The problem with password sharing is that if one of your social media accounts gets hacked, your other accounts are also immediately at risk.

To avoid this problem, it’s best to take advantage of password managers such as LastPass, which can automatically store and generate complex passwords.

Check If You Are Already Compromised

To avoid falling prey to social media breaches, it’s best to regularly monitor your email and accounts to check if they are already compromised.

A popular website called haveibeenpwned.com provides easy search functionality to check if you have been part of a breach. Keep in mind that this site does not cover every security breach but will give you great insight into the type of attacks people face these days.

Sift Out Your Social Media Connections

How often have you randomly added connections to your social media accounts without putting much thought into it? While having a huge following is impressive, it also increases our odds of getting dumped with malicious links or possibly becoming a victim of account theft.

To nip this problem in the bud, it’s best to do a friend cleanse. While you might be aware of social media security, you cannot control what your friends share and the level of maturity they practice with social media.

Invest in Social Media Risk Protection Solutions

If your business has a comprehensive social media presence, it would be wise to invest in third-party social media risk protection tools such as ZeroFox.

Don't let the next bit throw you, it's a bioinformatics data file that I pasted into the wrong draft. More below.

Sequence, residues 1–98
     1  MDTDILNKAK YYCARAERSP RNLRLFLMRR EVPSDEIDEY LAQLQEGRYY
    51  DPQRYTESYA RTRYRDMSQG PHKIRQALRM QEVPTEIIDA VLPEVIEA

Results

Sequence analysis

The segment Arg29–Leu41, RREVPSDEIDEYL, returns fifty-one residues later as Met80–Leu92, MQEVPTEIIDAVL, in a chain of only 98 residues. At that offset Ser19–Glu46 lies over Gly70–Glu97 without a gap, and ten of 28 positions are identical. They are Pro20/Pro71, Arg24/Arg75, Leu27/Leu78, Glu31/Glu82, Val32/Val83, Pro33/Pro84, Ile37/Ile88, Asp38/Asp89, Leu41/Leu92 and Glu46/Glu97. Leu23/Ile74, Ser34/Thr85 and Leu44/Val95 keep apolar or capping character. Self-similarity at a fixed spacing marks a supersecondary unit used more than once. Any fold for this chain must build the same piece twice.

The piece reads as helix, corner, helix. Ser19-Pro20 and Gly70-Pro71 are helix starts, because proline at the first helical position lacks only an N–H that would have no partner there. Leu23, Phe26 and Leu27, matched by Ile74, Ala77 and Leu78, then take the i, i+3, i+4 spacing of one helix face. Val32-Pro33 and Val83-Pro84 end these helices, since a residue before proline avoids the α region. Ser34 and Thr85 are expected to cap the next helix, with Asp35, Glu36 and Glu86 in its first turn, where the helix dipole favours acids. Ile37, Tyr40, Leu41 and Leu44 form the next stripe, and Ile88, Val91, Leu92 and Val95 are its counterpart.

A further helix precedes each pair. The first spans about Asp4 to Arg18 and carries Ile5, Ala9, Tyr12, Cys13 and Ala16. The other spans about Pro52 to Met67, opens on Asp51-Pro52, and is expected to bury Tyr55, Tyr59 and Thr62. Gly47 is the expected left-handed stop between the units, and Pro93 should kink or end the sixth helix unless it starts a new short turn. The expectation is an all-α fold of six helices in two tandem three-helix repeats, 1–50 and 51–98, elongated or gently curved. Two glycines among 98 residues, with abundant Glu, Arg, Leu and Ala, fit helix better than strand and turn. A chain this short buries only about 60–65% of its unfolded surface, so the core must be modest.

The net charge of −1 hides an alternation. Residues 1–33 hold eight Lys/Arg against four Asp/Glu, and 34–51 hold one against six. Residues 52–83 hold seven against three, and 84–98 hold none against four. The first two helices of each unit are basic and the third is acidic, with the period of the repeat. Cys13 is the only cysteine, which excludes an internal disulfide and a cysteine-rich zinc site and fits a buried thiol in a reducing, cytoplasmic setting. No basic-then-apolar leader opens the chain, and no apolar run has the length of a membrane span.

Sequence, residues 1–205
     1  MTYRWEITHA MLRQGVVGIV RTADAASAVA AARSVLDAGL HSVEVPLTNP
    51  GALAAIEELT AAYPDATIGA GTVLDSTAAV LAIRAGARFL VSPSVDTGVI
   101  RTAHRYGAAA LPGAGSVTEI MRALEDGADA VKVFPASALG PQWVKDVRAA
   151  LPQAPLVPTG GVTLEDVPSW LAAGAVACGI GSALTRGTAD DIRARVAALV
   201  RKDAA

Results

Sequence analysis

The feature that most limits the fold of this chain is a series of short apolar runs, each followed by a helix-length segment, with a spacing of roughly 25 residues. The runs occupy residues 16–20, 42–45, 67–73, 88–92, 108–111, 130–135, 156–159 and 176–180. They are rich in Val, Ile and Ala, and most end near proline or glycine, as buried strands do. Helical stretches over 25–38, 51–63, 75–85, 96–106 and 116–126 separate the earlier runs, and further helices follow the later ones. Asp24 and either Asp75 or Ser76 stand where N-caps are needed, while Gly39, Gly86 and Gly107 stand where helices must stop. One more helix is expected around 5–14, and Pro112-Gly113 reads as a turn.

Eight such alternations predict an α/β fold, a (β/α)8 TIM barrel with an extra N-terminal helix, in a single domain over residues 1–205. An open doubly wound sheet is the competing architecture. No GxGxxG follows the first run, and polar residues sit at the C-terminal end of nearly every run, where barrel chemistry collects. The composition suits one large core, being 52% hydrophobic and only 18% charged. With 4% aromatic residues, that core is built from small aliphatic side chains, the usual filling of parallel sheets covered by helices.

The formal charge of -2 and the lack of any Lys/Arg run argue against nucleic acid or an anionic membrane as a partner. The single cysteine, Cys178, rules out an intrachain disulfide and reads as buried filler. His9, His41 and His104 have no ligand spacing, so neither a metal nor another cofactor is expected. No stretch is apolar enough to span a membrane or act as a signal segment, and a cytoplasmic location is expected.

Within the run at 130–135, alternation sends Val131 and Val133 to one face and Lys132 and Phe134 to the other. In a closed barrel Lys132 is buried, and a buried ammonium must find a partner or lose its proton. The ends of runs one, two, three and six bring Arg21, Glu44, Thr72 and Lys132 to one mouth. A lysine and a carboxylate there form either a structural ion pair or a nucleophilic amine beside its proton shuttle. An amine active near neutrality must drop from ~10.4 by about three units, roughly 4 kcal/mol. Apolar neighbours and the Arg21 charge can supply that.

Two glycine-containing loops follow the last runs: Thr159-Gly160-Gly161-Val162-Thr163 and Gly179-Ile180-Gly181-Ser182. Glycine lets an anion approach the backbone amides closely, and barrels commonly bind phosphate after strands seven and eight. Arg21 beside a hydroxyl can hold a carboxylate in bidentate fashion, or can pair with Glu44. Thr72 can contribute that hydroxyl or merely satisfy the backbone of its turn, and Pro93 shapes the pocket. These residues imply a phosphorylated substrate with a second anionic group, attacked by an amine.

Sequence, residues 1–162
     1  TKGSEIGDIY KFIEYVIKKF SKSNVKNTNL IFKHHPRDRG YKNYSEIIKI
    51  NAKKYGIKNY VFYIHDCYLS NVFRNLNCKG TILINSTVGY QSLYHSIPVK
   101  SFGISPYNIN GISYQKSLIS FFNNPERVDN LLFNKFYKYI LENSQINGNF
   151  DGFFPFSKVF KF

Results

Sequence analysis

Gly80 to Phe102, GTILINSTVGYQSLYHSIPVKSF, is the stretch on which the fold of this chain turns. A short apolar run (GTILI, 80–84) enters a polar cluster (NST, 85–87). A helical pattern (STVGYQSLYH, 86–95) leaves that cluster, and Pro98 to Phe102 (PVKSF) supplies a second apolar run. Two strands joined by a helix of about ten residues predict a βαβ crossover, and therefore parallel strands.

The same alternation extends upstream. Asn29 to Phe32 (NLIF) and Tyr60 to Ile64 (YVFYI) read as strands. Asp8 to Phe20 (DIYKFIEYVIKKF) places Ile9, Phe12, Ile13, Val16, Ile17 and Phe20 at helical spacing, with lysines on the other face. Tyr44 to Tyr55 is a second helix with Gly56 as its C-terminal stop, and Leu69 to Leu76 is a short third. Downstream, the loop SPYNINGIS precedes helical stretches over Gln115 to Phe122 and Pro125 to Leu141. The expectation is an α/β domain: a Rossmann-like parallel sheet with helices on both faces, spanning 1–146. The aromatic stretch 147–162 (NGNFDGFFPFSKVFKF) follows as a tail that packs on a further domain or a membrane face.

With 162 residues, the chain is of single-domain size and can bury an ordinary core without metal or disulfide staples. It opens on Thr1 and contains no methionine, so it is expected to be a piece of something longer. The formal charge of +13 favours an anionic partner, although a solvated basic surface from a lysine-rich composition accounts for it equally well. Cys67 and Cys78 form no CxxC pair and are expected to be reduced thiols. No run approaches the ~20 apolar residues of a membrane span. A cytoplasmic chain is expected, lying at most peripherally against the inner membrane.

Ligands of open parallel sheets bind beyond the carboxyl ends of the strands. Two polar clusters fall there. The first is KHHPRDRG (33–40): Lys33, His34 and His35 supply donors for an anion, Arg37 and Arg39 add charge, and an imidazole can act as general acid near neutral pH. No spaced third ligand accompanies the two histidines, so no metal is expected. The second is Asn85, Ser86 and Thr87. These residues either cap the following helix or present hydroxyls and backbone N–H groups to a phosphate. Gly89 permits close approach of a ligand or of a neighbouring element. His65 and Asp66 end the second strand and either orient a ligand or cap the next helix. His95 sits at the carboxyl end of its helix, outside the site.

These tools act like guardian angels, continuously monitoring and watching your social media accounts for fraudulent activities, spoofed accounts, phishing links, and scams. More importantly, many of these tools offer automated protection and remediation of malicious content and attacks round the clock.

Train Employees Against Social Media Attacks

Office Meeting

Employees can be a great asset in trying to preserve the social media security of your organization. Therefore, conducting regular security awareness programs emphasizing social media security should be on every company’s agenda.

Along with standard security awareness training—such as never sharing passwords with others—you should also train your employees on social media risk factors. This can help them identify the social media attack vectors, preventing them from falling prey to phishing and social engineering attacks.

Use Ad Blockers on Corporate Devices

Installing ad blockers on corporate devices can help enhance social media security, as most phishing and malicious links are downloaded through ads.

If installing ad blockers is not feasible, then instruct your employees to never click on ads and popups, especially those that force users to download software.

Avoid Messages That Show a Sense of Urgency

Sending messages laced with a sense of fear and urgency is a widespread tactic employed by threat actors on social media platforms.

Remember not to trust messages suggesting you act quickly on something. Of course, some of these may be important, but you should be extra careful while handling such messages.

Having an active social media presence is pertinent to the growth of any organization. But unfortunately, social media and cybercrime also go hand in hand.

While most organizations invest a ton of resources in safeguarding internal assets, they put social media security on the back burner, leaving an open invitation for cybercriminals to infiltrate social media accounts and invade their privacy.

Therefore, do not invest in social media security as an afterthought. Instead, dedicate extra resources to secure your social media accounts alongside other IT assets.